PEOPLE in criminal detention count the days until their release from prison. They look forward to doing simple things like taking a walk on the street, going to a restaurant, or visiting a friend. However, if they are not US citizens, when that release date comes, they may get an unpleasant surprise.

Instead of actually being released, they may simply exchange one jail for another --- going from criminal custody to the custody of the Department of Homeland Security (DHS).

Even more devastating, after they are actually released and have gone home, DHS may show up at their home or work and take them into custody. When such detainees ask about bond, they may be told that they are not eligible for bond because they are subject to mandatory detention.

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Under mandatory detention, DHS must, upon the alien’s release from criminal custody, take into custody any alien who is inadmissible or deportable for having committed a variety of offenses. It does not matter whether the alien is released on parole, supervised release or probation. However, it only applies to those non-citizens who have been released from criminal custody after Oct. 8, 1998.

The list of mandatory detention crimes includes multiple criminal convictions, aggravated felonies, controlled substances offenses, firearms offenses, or crimes of moral turpitude for which the non-citizen has been sentenced to one year or more. This list is not exhaustive nor does it contain all of the specific nuances for each ground that make it subject to mandatory detention. However, the key word in the statute is “must.” If the non-citizen is found to be subject to mandatory detention, DHS has no choice but to keep them in custody.

Unlike non-mandatory detention cases, a refusal of bond by the deportation officer cannot be reviewed by the immigration judge. However, the question of whether someone is actually subject to mandatory detention is reviewable by both the immigration judge and the Board of Immigration Appeals (BIA).

The BIA recently addressed the question of whether the release from criminal custody must have been for a crime that would render the non-citizen subject to mandatory detention.

In a reversal of a prior BIA decision, the board ruled that the custody must have been for a mandatory detention crime.

Luis Felipe Garcia Arreola had been an immigrant since 1983.

He was convicted of possession of a controlled substance in 1989, for which he was sentenced to 365 days in prison. He was subsequently arrested and charged with the crime of assault on a female in 2002 and 2009. Both charges were ultimately dismissed. While he was in custody on the 2009 charge, DHS issued a detainer or an immigration hold on him. That means that, whenever he was released from criminal custody, either on bail or at the end of a sentence, he would be turned over to immigration authorities.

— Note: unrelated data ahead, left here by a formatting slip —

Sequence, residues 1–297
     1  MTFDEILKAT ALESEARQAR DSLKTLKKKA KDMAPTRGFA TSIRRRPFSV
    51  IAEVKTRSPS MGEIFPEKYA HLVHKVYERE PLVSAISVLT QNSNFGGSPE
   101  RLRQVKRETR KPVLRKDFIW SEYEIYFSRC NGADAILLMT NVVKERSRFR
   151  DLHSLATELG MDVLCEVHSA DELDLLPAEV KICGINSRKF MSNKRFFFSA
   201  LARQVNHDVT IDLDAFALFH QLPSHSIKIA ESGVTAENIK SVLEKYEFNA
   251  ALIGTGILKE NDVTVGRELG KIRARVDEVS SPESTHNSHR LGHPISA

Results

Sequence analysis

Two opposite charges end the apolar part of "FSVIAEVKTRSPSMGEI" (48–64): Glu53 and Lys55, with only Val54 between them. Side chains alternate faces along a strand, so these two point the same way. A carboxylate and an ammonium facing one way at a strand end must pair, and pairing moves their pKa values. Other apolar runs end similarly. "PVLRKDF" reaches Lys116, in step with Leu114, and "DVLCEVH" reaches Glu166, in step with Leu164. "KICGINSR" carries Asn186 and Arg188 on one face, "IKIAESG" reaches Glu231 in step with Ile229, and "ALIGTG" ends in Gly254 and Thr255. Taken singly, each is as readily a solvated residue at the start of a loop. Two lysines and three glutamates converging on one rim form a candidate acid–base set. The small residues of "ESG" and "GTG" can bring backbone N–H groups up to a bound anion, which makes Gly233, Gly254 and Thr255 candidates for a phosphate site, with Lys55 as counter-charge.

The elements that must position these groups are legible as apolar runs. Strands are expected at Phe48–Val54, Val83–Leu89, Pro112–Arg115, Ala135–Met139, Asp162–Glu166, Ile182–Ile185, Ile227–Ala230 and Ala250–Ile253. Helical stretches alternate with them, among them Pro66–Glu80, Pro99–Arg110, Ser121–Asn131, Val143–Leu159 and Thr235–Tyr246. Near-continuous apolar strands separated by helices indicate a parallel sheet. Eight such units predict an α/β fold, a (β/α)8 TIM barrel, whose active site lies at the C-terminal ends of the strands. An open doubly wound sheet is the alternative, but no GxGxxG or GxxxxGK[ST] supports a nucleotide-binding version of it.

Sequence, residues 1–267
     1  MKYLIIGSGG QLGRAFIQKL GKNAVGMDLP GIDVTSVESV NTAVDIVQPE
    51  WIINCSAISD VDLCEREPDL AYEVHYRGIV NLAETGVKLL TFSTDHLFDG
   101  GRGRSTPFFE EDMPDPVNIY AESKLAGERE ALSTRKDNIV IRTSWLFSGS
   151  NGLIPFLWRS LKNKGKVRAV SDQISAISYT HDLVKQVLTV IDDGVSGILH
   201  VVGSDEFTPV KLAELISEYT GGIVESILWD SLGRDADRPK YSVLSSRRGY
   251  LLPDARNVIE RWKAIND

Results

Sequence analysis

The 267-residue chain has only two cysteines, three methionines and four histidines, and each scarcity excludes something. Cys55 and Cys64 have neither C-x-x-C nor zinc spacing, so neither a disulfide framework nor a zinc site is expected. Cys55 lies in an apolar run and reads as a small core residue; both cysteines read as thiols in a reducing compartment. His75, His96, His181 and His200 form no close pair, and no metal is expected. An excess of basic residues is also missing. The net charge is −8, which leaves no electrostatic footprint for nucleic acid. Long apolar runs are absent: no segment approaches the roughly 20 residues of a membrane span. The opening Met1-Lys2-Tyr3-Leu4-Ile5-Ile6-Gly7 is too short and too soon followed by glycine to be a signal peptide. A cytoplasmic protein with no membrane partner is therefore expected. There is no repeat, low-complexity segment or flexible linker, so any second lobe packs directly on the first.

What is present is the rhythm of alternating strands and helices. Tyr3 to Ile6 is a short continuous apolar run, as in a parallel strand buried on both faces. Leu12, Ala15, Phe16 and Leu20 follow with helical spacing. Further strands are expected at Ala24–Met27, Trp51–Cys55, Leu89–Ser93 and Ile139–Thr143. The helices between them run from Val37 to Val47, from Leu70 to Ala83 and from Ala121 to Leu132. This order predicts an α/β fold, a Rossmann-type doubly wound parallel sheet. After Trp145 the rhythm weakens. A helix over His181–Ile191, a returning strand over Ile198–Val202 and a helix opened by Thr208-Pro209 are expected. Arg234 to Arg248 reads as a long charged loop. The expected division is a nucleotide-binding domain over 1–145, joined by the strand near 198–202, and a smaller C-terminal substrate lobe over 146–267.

Upon his release from criminal custody in 2009, he was taken into DHS custody and placed into removal proceedings. Garcia’s attorneys argued that the 2009 criminal charges did not subject him to mandatory detention and that he was, therefore, eligible for bond. DHS argued that the fact that he was released from custody in 2009 and had committed a mandatorily detainable offense combined to make him subject to mandatory detention.

The immigration judge granted bond and the government appealed.

The BIA had previously agreed with the government’s argument but they reconsidered their position and reversed themselves in the Garcia case. The Board held that the non-DHS custody after Oct. 8, 1998 must be directly tied to the basis for the ground for mandatory detention.

In other words, the non-citizen must be in custody for a crime that would render him subject to mandatory detention. Of course, if the immigrant is taken into custody for a parole or probation violation connected to the mandatory detention crime, that may be enough.

Under this new case, people who were subject to mandatory detention may not be any longer. The dread of remaining in custody while the non-citizen is fighting his case has caused many a person to give up and go home.

It is always important to consult a knowledgeable and experienced immigration lawyer at the beginning of the case to determine if the person is truly mandatorily detainable and if the government is substantially unlikely to prevail on their removal ground, which is an important issue in this situation.

Once it has been determined that grounds for mandatory detention do not exist, the analysis turns to whether the non-citizen has become eligible for release.